I found that if the method is too simple and the IL codes are only several bytes, the method may be complied as inline mode. And in this case, Reset MethodDesc does not help anything because the execution even doesn't reach there. More details can be found in CEEInfo::canInline,  (vm/jitinterface.cpp in SSCLI) 

Dynamic method 

To update the IL code of a dynamic method we need to be very careful. Filling incorrect IL code for other kinds of methods only causes an InvalidApplicationException; but incorrect IL code in a dynamic method can crash the CLR and the whole process! And IL code for a dynamic method is different from that for others. Better to generate the IL code from another dynamic method and then copy and update.


  • 2012 Sep 22 - First Version 
  • 2012 Oct 5 - Added the LoadedMethodDescIterator for generic method  


This article, along with any associated source code and files, is licensed under The Code Project Open License (CPOL)


About the Author

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Jerry is from China. He was captivated by computer programming since 13 years old when first time played with Q-Basic.

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GeneralSounds useful but limited Pin
UlyssesWu1-Nov-17 22:52
memberUlyssesWu1-Nov-17 22:52 
QuestionAssemblies from Current Domain Pin
Member 122867659-Oct-16 20:57
memberMember 122867659-Oct-16 20:57 
NewsProject for 2015VS Pin
MArtmath9-Jun-16 14:06
memberMArtmath9-Jun-16 14:06 
GeneralWork on > 4.6.1038 net and 2015VS Pin
MArtmath19-Apr-16 0:01
memberMArtmath19-Apr-16 0:01 
QuestionThis demo is not work Pin
Member 1106044328-Feb-16 20:39
memberMember 1106044328-Feb-16 20:39 
QuestionUpdating Exception Handler offsets Pin
d j30-May-15 1:59
memberd j30-May-15 1:59 
QuestionWould it be possible to also release the server source code? Pin
c63726973746910-Apr-15 6:46
memberc63726973746910-Apr-15 6:46 
AnswerRe: Would it be possible to also release the server source code? Pin
Dang Xuan Hieu29-Dec-15 20:01
memberDang Xuan Hieu29-Dec-15 20:01 
QuestionWhen i try to compile i always get a error Pin
tiktaktoe28-Nov-14 22:53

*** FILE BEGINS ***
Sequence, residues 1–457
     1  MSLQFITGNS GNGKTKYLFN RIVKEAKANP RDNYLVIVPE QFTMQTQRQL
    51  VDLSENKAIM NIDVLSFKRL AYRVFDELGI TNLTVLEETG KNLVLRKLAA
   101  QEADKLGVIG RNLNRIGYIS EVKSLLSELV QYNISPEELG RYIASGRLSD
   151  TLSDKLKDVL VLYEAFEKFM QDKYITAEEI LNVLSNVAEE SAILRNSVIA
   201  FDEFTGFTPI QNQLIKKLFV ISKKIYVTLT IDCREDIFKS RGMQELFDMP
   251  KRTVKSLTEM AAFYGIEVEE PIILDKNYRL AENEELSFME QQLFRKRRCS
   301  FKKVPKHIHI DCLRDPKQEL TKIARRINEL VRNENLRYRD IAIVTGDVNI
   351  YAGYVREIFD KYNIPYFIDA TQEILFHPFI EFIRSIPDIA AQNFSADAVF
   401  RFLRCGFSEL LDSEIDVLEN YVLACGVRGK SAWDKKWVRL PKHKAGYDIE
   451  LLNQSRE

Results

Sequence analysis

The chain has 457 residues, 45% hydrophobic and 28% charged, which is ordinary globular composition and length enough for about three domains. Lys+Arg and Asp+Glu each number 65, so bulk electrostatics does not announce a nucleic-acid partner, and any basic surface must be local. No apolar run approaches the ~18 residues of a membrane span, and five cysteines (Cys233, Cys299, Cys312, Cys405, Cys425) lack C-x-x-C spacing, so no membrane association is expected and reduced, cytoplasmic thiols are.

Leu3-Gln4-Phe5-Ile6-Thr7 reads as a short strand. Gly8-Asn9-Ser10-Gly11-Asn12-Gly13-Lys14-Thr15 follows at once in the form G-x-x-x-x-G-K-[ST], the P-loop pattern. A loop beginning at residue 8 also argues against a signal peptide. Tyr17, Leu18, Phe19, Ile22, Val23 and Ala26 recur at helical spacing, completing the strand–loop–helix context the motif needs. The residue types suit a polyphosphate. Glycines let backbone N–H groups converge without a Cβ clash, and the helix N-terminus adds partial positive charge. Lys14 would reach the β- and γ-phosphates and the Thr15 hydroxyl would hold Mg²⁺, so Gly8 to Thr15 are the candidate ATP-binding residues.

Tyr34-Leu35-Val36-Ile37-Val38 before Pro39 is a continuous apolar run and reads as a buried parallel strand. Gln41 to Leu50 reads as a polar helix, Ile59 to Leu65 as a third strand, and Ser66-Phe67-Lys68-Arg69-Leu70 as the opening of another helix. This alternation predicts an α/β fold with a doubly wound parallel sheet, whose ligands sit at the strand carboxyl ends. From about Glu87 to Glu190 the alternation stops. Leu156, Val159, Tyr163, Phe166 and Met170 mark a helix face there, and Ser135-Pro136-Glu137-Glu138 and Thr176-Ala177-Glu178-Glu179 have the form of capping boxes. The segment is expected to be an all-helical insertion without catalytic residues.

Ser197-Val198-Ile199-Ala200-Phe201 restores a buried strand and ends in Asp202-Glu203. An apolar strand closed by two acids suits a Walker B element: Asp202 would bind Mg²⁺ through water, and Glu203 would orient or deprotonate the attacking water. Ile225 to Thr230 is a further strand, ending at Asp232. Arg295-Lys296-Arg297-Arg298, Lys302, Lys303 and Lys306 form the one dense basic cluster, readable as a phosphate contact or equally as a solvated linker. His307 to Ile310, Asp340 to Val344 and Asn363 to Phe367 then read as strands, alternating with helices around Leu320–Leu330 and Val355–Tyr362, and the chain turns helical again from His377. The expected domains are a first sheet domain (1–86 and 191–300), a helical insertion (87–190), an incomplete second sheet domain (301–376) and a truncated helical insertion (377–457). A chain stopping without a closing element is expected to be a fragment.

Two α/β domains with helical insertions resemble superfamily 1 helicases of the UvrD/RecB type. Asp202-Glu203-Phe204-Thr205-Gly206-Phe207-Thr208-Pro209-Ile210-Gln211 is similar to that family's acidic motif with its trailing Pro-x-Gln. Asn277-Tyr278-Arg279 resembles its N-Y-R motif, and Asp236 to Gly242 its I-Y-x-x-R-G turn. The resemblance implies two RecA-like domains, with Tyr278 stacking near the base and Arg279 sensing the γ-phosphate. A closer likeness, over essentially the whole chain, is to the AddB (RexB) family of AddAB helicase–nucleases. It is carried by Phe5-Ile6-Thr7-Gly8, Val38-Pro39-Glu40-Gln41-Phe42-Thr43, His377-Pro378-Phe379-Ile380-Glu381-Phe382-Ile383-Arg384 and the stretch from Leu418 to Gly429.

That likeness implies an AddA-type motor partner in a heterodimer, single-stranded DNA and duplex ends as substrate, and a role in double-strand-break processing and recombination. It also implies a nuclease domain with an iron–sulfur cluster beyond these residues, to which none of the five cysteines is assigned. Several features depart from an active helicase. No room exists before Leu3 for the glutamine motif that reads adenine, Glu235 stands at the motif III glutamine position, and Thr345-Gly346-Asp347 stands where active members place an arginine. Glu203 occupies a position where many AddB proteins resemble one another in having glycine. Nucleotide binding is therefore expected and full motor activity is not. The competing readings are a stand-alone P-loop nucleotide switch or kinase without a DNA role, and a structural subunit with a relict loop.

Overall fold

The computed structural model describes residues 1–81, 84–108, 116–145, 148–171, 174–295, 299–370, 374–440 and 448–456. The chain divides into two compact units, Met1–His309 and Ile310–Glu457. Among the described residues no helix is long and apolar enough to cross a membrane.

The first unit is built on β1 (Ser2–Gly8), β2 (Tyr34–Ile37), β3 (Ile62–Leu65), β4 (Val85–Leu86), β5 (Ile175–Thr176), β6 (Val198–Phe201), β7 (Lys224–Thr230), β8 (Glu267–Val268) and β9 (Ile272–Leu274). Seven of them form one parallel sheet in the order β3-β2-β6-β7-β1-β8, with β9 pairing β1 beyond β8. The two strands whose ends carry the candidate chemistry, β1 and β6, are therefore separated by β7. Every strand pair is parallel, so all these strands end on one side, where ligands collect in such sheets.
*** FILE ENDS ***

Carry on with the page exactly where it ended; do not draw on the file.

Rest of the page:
membertiktaktoe28-Nov-14 22:53 
AnswerRe: When i try to compile i always get a error Pin
tiktaktoe29-Nov-14 12:33
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Questionhelp me Pin
mohsen.keshavarzi9-Nov-14 8:10
membermohsen.keshavarzi9-Nov-14 8:10 
QuestionIl Call instruction Pin
Dmitry Post20-Oct-14 10:34
memberDmitry Post20-Oct-14 10:34 
QuestionAppears not to work in remote process Pin
c6372697374693-Oct-14 13:20
memberc6372697374693-Oct-14 13:20 
AnswerRe: Appears not to work in remote process Pin
Jerry.Wang3-Oct-14 17:20
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GeneralRe: Appears not to work in remote process Pin
c6372697374693-Oct-14 21:56
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GeneralRe: Appears not to work in remote process Pin
c6372697374695-Oct-14 7:30
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GeneralRe: Appears not to work in remote process Pin
f3re14-Oct-14 15:28
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QuestionRe: Appears not to work in remote process Pin
UlyssesWu9-Oct-15 3:14
memberUlyssesWu9-Oct-15 3:14 
AnswerRe: Appears not to work in remote process Pin
UlyssesWu10-Oct-15 4:04
memberUlyssesWu10-Oct-15 4:04 
QuestionCan't run in Win2003 Server SP2 Pin
iolir14-Aug-14 4:26
memberiolir14-Aug-14 4:26 
AnswerRe: Can't run in Win2003 Server SP2 Pin
iolir15-Aug-14 7:05
memberiolir15-Aug-14 7:05 
GeneralRe: Can't run in Win2003 Server SP2 Pin
Jerry.Wang16-Aug-14 3:10
memberJerry.Wang16-Aug-14 3:10 
QuestionCan inject in x64 but not in x86 Pin
iolir14-Aug-14 0:27
memberiolir14-Aug-14 0:27 
AnswerRe: Can inject in x64 but not in x86 Pin
Jerry.Wang16-Aug-14 3:12
memberJerry.Wang16-Aug-14 3:12 
QuestionMy Vote of 5++ Pin
2006 Flauzer7-Aug-14 9:15
professional2006 Flauzer7-Aug-14 9:15